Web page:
Thoughts From the Publisher’s Desk

Thoughts From the Publisher’s Desk

Now that Ocean City has its own vanity license plate, it should be interesting to see how sales go. According to the City Clerk’s office, more than 100 applications have been submitted so far for the vanity plates, an example pictured inset. The fee is $35 payable to the town of Ocean City and the applications can be found at City Hall or at This is more of a publicity and public relations thing than a money generator, as I suspect a good portion of the fee is directed at the manufacturing of the plate, but I look forward to seeing how many folks end up with these on their vehicles and whether it will be a short-term fad or something that endures over the years.  I know I will be peeking at the first motorists I see with the new plates. Just as I do whenever I see those clever license plate sayings involving Ocean City now on the back of vehicles. We have all seen them. Some memorable ones for me include “2OC4ME”,“CUINOC” and “OhhSee”.

It was stunning to hear last week the State Highway Administration favors reconstructing the Route 50 Bridge and leaving the existing structure in place. The preferred alternative would essentially run parallel, albeit higher, to the existing structure, similar to the way the Cambridge span works. It will feature a fixed span with a 45-foot clearance, resulting in a number of ramps needing to be constructed in Ocean City along Baltimore and Philadelphia avenues for access. The old bridge would remain for fishermen and bicyclists with vehicular access restricted. It was reported parking would need to be eliminated in some areas and traffic may not be able to access 1st or 2nd streets in many cases. It’s worth remembering any bridge construction is likely at least 10 years down the road, but it’s still worth noting how a study team views the future of the crossing. The preferred approach would cost about $400 million in today’s world, call for the acquisition of 45 properties and displace about 25 residents. Change sometimes is a good thing, but this plan would alter all of downtown from an infrastructure perspective. Some would say that’s a good thing, but there’s no question this would have a drastic impact. I think Councilman Jim Hall had it right when he said, “The good thing is that there is no money available for this project right now. Alternative 4 wrecks downtown and puts a giant cloverleaf highway grid in the middle of downtown.”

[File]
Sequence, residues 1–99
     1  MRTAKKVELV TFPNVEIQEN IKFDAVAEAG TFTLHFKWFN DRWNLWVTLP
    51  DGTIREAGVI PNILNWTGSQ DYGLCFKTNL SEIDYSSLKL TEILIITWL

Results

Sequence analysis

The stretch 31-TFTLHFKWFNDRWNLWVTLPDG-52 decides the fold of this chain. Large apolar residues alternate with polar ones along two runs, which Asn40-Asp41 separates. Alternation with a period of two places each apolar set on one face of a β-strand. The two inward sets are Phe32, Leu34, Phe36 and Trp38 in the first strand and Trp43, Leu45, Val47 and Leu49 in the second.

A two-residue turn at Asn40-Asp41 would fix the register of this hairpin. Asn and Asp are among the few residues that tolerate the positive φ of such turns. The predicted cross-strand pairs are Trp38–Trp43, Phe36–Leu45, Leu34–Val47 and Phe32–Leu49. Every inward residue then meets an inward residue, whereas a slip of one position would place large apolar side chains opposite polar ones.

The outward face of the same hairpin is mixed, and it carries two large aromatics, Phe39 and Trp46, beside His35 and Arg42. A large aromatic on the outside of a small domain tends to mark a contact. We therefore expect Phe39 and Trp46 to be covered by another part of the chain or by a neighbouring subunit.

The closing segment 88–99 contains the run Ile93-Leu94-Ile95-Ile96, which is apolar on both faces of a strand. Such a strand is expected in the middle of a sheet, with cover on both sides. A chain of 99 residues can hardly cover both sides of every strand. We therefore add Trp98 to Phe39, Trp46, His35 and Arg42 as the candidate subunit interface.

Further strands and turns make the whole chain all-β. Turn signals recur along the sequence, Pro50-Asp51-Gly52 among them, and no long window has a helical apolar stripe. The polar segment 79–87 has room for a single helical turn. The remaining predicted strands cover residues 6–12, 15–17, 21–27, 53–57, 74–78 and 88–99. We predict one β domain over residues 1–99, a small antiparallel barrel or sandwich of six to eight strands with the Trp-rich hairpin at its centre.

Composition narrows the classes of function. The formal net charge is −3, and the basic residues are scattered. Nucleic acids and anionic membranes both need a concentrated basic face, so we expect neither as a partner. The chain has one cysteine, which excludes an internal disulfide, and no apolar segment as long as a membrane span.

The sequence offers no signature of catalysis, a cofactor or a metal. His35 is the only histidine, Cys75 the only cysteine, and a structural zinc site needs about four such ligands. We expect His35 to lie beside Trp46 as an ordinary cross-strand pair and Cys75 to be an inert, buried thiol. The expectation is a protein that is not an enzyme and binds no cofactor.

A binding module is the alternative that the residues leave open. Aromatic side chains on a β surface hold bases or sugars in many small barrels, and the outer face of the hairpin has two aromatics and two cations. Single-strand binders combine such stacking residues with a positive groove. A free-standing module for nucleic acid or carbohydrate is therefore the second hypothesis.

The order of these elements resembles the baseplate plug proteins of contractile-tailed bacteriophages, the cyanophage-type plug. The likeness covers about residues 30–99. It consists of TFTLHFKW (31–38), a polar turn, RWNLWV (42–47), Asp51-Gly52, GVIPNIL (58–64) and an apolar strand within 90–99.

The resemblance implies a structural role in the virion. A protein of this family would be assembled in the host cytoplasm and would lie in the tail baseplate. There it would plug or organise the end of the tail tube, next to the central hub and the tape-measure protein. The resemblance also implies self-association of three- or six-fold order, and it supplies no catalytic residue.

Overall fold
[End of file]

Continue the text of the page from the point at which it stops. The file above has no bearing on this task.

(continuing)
All the inauguration coverage was overwhelming this week, but I admit I made sure to watch as much of it as possible on Tuesday and check out as many front pages on Wednesday as I could. During all the coverage of the inauguration, it was interesting to hear what all the pundits had to say about the president’s inaugural speech. Depending on which network you were watching or newspaper reading, the comments ran the gamut. The speech seemed fine to me, long on generalities and rhetoric and short on specifics and detailed plans, but that’s to be expected for that type of talk. Overall, it seemed like a fine speech to me. One phrase I think I will remember was the following: “The question we ask today is not whether our government is too big or too small, but whether it works — whether it helps families find jobs at a decent wage, care they can afford, a retirement that is dignified. Where the answer is yes, we intend to move forward. Where the answer is no, programs will end. Those of us who manage the public’s dollars will be held to account — to spend wisely, reform bad habits, and do our business in the light of day — because only then can we restore the vital trust between a people and their government.” What I liked most about the speech was there was little talk about partisan politics, very little, if any, finger pointing. It was about the future and that’s appropriate for that kind of speech and stage in my opinion.

About The Author: Steven Green

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The writer has been with The Dispatch in various capacities since 1995, including serving as editor and publisher since 2004. His previous titles were managing editor, staff writer, sports editor, sales account manager and copy editor. Growing up in Salisbury before moving to Berlin, Green graduated from Worcester Preparatory School in 1993 and graduated from Loyola University Baltimore in 1997 with degrees in Communications (journalism concentration) and Political Science.